No, “A Birthday Cake for George Washington” Was Not Censored

Last week, the National Coalition Against Censorship and the Office for Intellectual Freedom of the American Library Association released statements questioning Scholastic’s decision to pull A Birthday Cake For George Washington from publication, on the grounds that doing so was an act of censorship.

They’re both confused.

The book’s cover features George Washington’s slaves Hercules and his young daughter Delia.

There is no censorship when there is no government actor. It should be noted that the ALA post actually acknowledges this fact … before promptly ignoring it. Scholastic is not the government. Therefore, their decision to pull the book is not infringing any “freedoms.” In fact, it would probably be a violation of Scholastic’s and their employee’s rights to force them to release the book.

There could be a censorship issue if a librarian (at a public library) or a school wanted to remove the book. If that were the case — and the ALA post clearly states that the 40-something libraries that bought the book are unlikely to return the book — then there could be a First Amendment issue.

In that instance, a court would likely look at the motivations behind pulling the book. For example, if a librarian removed a book about a family with gay parents because she thinks homosexuality is a sin. In the past, courts have found this motivation to be unconstitutional.

This is just a guess, but I would imagine that to challenge the removal of this book would fail on two fronts. First, there are several valid (i.e. that don’t violate the constitution) reasons why this book should be removed; the facts that Scholastic recalled it and the fact that it’s a historically inaccurate children’s history book jump to mind.  If a publisher released a math book that was filled with errors, they would recall that shit.

Second, a challenge would have to show injury. For example, the removal of the book at our hypothetical library means that there’s no way for people to read it. This seems unlikely, given that there are 40-plus libraries with copies of this book. If a library didn’t have a copy, they could just order it via interlibrary loan should someone want it.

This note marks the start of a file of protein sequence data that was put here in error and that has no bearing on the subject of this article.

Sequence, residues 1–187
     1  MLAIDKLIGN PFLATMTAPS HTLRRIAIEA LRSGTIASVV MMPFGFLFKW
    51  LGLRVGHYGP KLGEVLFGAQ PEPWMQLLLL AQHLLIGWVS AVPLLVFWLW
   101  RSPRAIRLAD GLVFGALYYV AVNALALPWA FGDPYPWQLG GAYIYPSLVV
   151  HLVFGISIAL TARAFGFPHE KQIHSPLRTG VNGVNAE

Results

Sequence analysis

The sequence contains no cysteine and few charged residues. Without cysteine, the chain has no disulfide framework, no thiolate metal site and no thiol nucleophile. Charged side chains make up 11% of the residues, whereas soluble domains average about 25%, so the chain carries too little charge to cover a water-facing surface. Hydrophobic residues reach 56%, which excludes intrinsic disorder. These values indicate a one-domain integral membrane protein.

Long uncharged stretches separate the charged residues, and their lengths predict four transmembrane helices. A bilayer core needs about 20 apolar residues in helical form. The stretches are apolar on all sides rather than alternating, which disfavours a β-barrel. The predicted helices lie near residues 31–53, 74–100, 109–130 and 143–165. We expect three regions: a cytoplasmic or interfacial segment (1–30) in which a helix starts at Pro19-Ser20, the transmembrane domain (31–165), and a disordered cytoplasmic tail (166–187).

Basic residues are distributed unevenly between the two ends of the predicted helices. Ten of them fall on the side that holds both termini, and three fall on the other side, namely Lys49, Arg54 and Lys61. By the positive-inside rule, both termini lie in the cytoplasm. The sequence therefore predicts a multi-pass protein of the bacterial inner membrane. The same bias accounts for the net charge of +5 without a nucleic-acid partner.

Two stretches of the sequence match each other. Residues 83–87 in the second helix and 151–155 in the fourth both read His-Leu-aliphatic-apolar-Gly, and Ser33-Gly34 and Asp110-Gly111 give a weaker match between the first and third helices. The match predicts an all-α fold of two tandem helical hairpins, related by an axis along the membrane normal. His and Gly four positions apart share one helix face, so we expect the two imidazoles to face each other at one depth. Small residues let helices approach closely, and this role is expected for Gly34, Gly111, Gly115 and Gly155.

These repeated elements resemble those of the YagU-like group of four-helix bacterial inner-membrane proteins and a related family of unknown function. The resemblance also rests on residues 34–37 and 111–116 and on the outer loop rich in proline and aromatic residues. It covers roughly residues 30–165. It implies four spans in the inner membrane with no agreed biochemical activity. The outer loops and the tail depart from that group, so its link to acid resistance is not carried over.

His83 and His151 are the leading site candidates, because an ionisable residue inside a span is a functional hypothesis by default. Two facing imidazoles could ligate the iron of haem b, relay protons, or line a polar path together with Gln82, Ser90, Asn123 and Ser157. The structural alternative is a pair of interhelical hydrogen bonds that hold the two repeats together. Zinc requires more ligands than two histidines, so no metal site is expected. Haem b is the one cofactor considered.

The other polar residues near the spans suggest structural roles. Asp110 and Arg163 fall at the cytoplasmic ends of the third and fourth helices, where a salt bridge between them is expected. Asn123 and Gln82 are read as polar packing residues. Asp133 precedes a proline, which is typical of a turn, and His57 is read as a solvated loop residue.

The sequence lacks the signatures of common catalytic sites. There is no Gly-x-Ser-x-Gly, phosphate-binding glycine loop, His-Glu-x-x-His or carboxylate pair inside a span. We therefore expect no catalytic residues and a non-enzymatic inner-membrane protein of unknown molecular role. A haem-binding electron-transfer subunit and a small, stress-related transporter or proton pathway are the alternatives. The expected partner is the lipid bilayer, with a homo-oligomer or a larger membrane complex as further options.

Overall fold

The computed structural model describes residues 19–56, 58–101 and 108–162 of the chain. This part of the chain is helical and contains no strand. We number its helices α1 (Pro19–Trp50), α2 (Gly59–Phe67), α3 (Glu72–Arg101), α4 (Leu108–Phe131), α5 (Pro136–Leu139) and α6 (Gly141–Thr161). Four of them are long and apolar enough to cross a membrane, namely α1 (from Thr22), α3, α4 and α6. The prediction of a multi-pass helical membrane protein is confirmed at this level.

But again, this is all just hypothetical. This is a case of the publisher choosing to recall a book. The ALA and the NCAC are throwing censorship in there to confuse the issue.

The National Coalition Against Censorship stated:

While critics hailed the withdrawal of the book as a victory, it should raise serious questions about whether censorship, even when it is self-censorship, is ever a ‘win.’

No, it shouldn’t. Further, what exactly does “self-censorship” mean in this context? Scholastic, a company with shareholders, chose to avoid a scandal by pulling an unpopular book. Sounds like a very sound business move.

The American Library Association also wrote:

So, does the withdrawal of a book by the publisher constitute censorship? Or – to look at it another way that can also be defended — is the book’s withdrawal rather evidence of a long-overdue responsiveness to the many issues of diversity?

Not pictured: Hercules escaping to freedom as he actually did during Washington's 65th birthday in 1797.
Not pictured: Hercules escaping to freedom … which is what he actually did during Washington’s 65th birthday in 1797.

Again, the withdrawal of a book by the publisher does not constitute censorship. But look at how they juxtapose a factually incorrect statement with a representation issue (I’ll get back to how they phrased this in a moment).

They’re linking the two with the phrase “to look at it another way that can also be defended.” This phrasing implies that both of these arguments (Scholastic is censoring and Scholastic is woke) are legitimate.

Just to reiterate (in case anyone forgot), that first position is factually incorrect [Ed: Kind of like the book it’s trying to defend!]. It shows me their mindset on the second argument: that diversity and representation are nebulous concepts one can speculate on without any knowledge.

And let’s talk about that second argument for a second: “Is the book’s withdrawal rather evidence of a long-overdue responsiveness to the many issues of diversity?”

What the fuck does this sentence fragment mean? Like, seriously? What are they trying to say here? That Scholastic pulled the book because … diversity? Can they really not figure out why people were upset with this book? Or do they simply not think it’s a valid reason?

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1 Comment

  1. Wow. Those pictures are creepy. They make me thing of some horrible place where people are drugged into subservience, not even allowed the freedom of their own thoughts.

    Of course, I know that’s not really what it is. It’s propaganda to make white folks like me feel less bad about our nations history, that we might preserve our national pride in our “founding father”. To sugar coat slavery as if slaves were just all part of the family. I don’t know if that’s what the author intended. Too much for me to know, but that’s likely the effect it would have on children too young, too innocent, and to unlearned to question it.

    Hopefully it had the opposite on older folk though. That just reminded me that George Washington was, in fact, a slave owner… and it was probably nothing like those pictures.

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